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When WikiLeaks founder Julian Assange sought asylum on June 19, the question many supporters asked was: “Why the Ecuadorian embassy?” The simple answer is because the Ecuadorian government has been one of the strongest supporters of WikiLeaks, which reflects its strong stance in defence of media and information freedom. Much has been made in the media about supposed abuses of media freedom in Ecuador.
On June 16, 2012, an all-female line-up of artists put on a Sydney gig to raise funds for women prisoners after funding for the charity Sisters Inside was cut by the Liberal state government in Queensland. Green Left TV spoke to event organiser Shannon Hall and Aboriginal rappers Naomi Wenitong, of The Last Kinection, and Sky'high.
Global Friends of WikiLeaks is an independent collective of WikiLeaks supporters. It is not affiliated with WikiLeaks. The letter below was originally on June 20. You can sign an in support of Julian Assange's extradition request. * * *
Austin Mackell, an Australian journalist based in Cairo who has reported on the Egyptian revolution, speaks about his arrest by the regime, and Egyptian politics around the elections. He spoke just prior to the run-off election, in which the Muslim Brotherhood claimed victory but the military council dissolved parliament in what activists are calling a coup.
Members of Amnesty International Australia’s Tasmania City Group dressed as bananas and collected signatures on a global petition to help launch Amnesty’s Arms Trade Treaty campaign on June 16 at the Salamanca markets in Hobart. There is no international standard to regulate the global trade and transfers of conventional arms. Amnesty Tasmania City Group’s Yabbo Thompson said: “There are complicated rules on the international trade of many products, such as bananas, but no global treaty controlling weapons or bullets.
The released the statement below on June 20. * * * As Julian Assange seeks political asylum in Ecuador, concerned Australian citizens on Thursday, June 21.
Over 2000 people marched in Melbourne, Brisbane, Perth, Canberra and Adelaide to protest twenty years of mandatory detention and to mark World Refugee Day on the weekend of June 16-17.
BORDERS Rivers don’t interrupt their flow at national borders. Mountain ranges don’t answer to their names in different languages. The air is not confined within the limits of national air space. The waves don’t stay still to preserve their nationality. Birds don’t need a passport to migrate. Souls don’t carry identity cards to be certified. And humans live in their parallel world. But that’s a different history…

WHERE HAS YOUR SMILE GONE? Your smile a mask of despair from an ancient tragedy. Your look
Afrodity Giannakis, Green Left correspondent in Greece and an activist in SYRIZA, gives her first impressions of the result of the June 17 election where the conservative New Democracy beat the left coalition SYRIZA to the highers vote by just 3% of votes. Younger voters voted strongly for the left while older voters tended to vote conservative.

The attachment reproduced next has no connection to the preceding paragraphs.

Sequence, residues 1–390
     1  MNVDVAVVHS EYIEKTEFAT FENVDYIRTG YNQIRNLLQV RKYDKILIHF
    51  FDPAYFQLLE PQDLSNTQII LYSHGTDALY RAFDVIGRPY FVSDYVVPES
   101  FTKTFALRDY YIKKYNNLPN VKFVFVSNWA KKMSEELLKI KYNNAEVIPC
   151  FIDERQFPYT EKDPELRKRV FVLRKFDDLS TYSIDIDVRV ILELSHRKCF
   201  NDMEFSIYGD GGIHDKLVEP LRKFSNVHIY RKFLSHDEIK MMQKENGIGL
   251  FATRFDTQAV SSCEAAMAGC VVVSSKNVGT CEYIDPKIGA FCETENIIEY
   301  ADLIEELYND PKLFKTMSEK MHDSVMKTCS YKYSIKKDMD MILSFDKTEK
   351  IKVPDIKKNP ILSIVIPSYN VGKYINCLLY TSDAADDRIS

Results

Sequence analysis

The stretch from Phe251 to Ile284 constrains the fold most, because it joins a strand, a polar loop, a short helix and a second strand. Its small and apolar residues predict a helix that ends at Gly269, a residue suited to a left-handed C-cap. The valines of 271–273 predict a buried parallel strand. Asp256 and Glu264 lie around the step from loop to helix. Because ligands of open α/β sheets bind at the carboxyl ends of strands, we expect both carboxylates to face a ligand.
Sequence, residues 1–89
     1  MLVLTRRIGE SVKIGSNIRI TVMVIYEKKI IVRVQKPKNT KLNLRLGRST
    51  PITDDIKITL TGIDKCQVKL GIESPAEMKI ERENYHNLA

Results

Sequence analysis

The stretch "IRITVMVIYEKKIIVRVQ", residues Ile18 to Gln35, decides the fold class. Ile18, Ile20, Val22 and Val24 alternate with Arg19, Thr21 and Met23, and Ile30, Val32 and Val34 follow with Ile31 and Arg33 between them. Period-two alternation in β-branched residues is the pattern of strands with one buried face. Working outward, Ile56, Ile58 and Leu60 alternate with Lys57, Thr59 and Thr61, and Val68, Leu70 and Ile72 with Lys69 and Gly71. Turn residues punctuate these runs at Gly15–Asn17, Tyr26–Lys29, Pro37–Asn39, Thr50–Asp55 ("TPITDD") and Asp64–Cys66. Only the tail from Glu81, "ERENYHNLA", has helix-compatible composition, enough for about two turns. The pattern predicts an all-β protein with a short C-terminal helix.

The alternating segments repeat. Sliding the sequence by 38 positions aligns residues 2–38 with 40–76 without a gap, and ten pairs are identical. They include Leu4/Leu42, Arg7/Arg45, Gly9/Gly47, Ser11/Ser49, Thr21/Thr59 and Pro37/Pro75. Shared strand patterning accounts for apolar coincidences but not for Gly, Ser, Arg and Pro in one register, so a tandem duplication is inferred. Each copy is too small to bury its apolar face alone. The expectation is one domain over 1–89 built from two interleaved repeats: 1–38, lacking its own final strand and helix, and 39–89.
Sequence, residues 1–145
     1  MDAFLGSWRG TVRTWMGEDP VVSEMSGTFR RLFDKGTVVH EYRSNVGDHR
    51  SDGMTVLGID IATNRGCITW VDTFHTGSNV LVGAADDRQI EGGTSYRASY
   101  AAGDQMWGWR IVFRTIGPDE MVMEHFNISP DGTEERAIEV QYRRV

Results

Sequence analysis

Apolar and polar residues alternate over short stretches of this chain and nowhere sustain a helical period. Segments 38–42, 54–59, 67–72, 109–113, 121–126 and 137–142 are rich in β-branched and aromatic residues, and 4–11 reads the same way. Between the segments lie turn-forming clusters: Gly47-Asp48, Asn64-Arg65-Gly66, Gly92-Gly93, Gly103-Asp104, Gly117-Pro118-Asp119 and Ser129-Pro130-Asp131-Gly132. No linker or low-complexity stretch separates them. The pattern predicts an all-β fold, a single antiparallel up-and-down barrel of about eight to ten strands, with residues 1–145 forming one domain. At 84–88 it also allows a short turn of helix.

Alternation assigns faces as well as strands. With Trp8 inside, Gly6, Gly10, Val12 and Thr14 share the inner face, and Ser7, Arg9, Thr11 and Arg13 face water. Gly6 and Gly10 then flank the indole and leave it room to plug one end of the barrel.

The below on June 19. * * * The Queensland Council of Unions (QCU) has strongly condemned today’s announcement that Premier Campbell Newman may cut up to 20,000 jobs from the public service. QCU President John Battams says cutting so many permanent and temporary public sector jobs would take billions out of the state economy and have a huge impact throughout Queensland.
In the June 17 elections, anti-austerity Coalition of the Radical Left (SYRIZA) came a close second with 26.9% of the vote. The right-wing New Democracy came first with more than 29%, amid huge blackmail and threats from major governments and financial institutions, and will now attempt to form a coalition government.
Protesters tore through a giant run-through banner that read "free the refugees" as part of World Refugee Day rally in Melbourne. Below the slogan, symbolic bars were broken representing the breaking of the fences imprisoning refugees. More than 2000 protesters took to the streets in Melbourne, Brisbane, Perth, Adelaide and Canberra on the weekend of June 16-17 to say 20 years of mandatory detention is 20 years too many. The rallies mark the annual World Refugee Day and highlighted the fact this year is the twentieth anniversary of the introduction of the policy of mandatory detention.
Egypt's second-round presidential elections between ex-regime figure Ahmed Shafiq and Muslim Brotherhood candidate Mohamed Morsi will go ahead after the High Constitutional Court (HCC) ruled on June 14 that Shafiq's candidacy was constitutional. The ruling declared that the Political Disenfanchisement Law, which barred ex-members of Mubarak's National Democratic Party (NDP) from holding high government offices, was unconstitional.
News that a popular front-man is about to become a front-woman might not stir such intense buzz if we lived in a world that was truly sexually liberated. Hell, it might not even be “news,” just another instance of an individual becoming more like the person they envision themselves to be; end of story. We don’t live in that world, though. The furor over Tom Gabel amply reveals that. Rolling Stone announced on May 8 that Gabel, singer and guitarist for Florida punks Against Me!, plans to begin living as a woman.
The opening salvo in a promised, summer of protest by Quebec’s student movement was delivered at the annual, Montreal Grand Prix auto race and surrounding festivities from June 7 to 10. Hundreds, sometimes thousands, of students and their allies used the high-profile event to press demands for a freeze in post-secondary tuition fees and an end to police and state repression.

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